Google Translate Disclaimer

A number of pages on the Government of Saskatchewan`s web site have been professionally translated in French. These translations are identified by a yellow text box that resembles the link below and can be found in the right hand rail of the page. The home page for French-language content on this site can be found here:

Renseignements en Français

Where an official translation is not available, Google™ Translate can be used. Google™ Translate is a free online language translation service that can translate text and web pages into different languages. Translations are made available to increase access to Government of Saskatchewan content for populations whose first language is not English.

The results of software-based translation do not approach the fluency of a native speaker or possess the skill of a professional translator. The translation should not be considered exact, and may include incorrect or offensive language Government of Saskatchewan does not warrant the accuracy, reliability or timeliness of any information translated by this system. Some files or items cannot be translated, including graphs, photos, and other file formats such as portable document formats (PDFs).

Any person or entities that rely on information obtained from the system does so at his or her own risk. Government of Saskatchewan is not responsible for any damage or issues that may possibly result from using translated website content. If you have any questions about Google™ Translate, please visit: Google™ Translate FAQs.

Amendments to The Agrologists Act, 1994

By Jason Penner, Policy Analyst, Ministry of Agriculture

Agrologist Colin Beaulieu describes initial
observations made at the leafy spurge
control demonstration site
The Agrologists Act, 1994 (Act) provides the Saskatchewan Institute of Agrologists (SIA) the mandate and authority to regulate the profession of agrology in Saskatchewan.  Amendments to the Act received Royal Assent from Her Honour the Honourable Vaughn Solomon Schofield, Lieutenant Governor of Saskatchewan, on December 7, 2017, and came into force on January 1, 2018.                   

In 1946, the Government of Saskatchewan passed The Agrologists Act, 1946 to establish the second institute of agrology in Canada.  The Act was last updated in 1994 and the profession of agrology has evolved.  The SIA, in consultation with its membership, identified several amendments to modernize the Act to reflect the current practise of agrology and to improve the administration of the Institute.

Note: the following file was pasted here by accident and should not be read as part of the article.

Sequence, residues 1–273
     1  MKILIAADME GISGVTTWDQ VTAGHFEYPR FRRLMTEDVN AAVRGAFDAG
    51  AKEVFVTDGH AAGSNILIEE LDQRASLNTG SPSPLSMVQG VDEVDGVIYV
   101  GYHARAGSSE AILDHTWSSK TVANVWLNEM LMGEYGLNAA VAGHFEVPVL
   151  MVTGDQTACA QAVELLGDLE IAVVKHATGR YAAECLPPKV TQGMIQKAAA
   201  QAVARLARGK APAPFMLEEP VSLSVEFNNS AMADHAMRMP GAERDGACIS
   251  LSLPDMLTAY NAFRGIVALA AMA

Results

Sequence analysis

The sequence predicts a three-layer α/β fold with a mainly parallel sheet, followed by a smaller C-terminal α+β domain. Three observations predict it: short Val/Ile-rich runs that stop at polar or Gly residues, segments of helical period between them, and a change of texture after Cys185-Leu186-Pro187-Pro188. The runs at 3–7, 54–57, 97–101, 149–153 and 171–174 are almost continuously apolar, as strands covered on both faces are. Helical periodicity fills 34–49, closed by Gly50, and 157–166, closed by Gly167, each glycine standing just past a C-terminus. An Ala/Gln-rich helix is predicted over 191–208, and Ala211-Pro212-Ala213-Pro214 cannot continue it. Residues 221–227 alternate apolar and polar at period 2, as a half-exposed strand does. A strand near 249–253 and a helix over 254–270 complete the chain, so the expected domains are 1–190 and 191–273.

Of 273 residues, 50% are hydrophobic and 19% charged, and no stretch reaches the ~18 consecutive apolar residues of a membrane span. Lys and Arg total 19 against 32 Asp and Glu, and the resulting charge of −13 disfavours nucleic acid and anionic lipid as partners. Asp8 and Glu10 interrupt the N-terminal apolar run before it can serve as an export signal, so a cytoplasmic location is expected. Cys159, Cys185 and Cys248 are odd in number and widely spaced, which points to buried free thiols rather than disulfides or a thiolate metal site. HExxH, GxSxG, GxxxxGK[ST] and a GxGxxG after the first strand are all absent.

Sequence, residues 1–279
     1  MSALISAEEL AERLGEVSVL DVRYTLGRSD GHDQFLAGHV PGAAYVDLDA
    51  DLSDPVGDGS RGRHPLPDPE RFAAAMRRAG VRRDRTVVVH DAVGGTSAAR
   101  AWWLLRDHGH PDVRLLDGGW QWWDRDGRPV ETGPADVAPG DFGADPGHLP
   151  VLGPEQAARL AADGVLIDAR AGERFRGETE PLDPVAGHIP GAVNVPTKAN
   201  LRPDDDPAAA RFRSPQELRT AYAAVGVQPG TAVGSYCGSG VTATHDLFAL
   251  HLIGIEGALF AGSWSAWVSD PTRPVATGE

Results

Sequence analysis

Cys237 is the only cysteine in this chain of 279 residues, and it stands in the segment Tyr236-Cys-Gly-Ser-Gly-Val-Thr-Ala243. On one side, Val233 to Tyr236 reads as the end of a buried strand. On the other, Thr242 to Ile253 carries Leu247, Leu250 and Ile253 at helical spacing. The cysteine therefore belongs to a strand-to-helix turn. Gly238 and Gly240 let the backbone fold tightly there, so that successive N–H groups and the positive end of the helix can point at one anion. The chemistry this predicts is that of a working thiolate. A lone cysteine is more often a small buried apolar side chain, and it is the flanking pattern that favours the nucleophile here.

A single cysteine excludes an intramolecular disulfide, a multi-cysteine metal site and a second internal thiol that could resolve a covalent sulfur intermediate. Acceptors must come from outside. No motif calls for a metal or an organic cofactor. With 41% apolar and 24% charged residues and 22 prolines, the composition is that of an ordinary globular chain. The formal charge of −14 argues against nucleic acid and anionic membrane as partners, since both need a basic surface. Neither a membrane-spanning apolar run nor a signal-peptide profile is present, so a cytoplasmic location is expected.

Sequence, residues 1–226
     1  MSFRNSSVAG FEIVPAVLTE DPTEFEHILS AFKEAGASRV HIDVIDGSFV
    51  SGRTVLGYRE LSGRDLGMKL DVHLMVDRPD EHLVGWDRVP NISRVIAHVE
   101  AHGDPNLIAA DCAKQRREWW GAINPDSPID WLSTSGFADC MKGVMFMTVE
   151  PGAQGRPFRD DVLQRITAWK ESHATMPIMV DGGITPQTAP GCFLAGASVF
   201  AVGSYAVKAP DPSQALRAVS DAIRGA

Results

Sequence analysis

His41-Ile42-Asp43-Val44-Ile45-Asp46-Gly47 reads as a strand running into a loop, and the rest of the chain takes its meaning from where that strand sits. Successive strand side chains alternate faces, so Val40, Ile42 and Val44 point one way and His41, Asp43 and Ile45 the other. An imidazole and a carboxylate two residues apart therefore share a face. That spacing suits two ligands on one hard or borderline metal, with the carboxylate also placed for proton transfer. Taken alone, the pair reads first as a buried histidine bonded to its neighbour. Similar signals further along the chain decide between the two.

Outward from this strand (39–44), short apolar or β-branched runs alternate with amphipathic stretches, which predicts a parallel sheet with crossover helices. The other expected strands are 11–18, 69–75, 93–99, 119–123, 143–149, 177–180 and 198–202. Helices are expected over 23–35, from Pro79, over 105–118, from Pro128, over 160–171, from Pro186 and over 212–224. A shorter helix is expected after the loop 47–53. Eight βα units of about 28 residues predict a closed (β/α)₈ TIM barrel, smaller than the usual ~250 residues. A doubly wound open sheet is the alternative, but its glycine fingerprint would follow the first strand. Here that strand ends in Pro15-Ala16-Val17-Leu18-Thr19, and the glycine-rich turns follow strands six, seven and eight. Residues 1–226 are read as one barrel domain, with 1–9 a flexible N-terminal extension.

The Government of Saskatchewan, in conjunction with the SIA, consulted with stakeholders and received general support for the proposed amendments.  Stakeholders included the top employers of agrologists, educational institutions, other provincial institutes of agrology, other government ministries and agencies, and other provinces.

Key amendments include broadening the definition of “practise agrology” to reflect the fact that agrologists are working in areas related to bioresources and the environment and hold degrees granted by agricultural post-secondary institutions that go beyond training in primary agriculture.

Educational requirements for becoming a member of the SIA were also expanded.  The SIA now has more discretion regarding the academic qualifications that are recognized and can register persons with less than a four-year degree (e.g. diploma graduates) to practise independently with a restricted licence.  The restricted licence also supports interprovincial labour mobility as diploma graduates in agriculture are allowed to independently practise agrology with a restricted licence in Alberta, Manitoba and Ontario.

There were also changes to SIA council.  A second Public Appointee position was added to distribute the workload.  The Dean of Agriculture at the University of Saskatchewan can now nominate and individual to sit on council on their behalf.  Also, as the SIA regularly reports to the Ministry of Agriculture, the Deputy Minister of Agriculture was removed from council.

The amendments also allow the SIA to enact administrative bylaws for purposes outside those previously listed in the Act, and professional engineers, geoscientists and forestry workers are exempted from the “right to practise” provisions of the Act, as there are some areas of overlap between agrologists and these professions.

Overall, amendments to the Act will ensure it remains relevant to the current practise of agrology in Saskatchewan, support labour mobility across Canada and ensure the public continues to be protected in matters related to agrology.

We need your feedback to improve Help us improve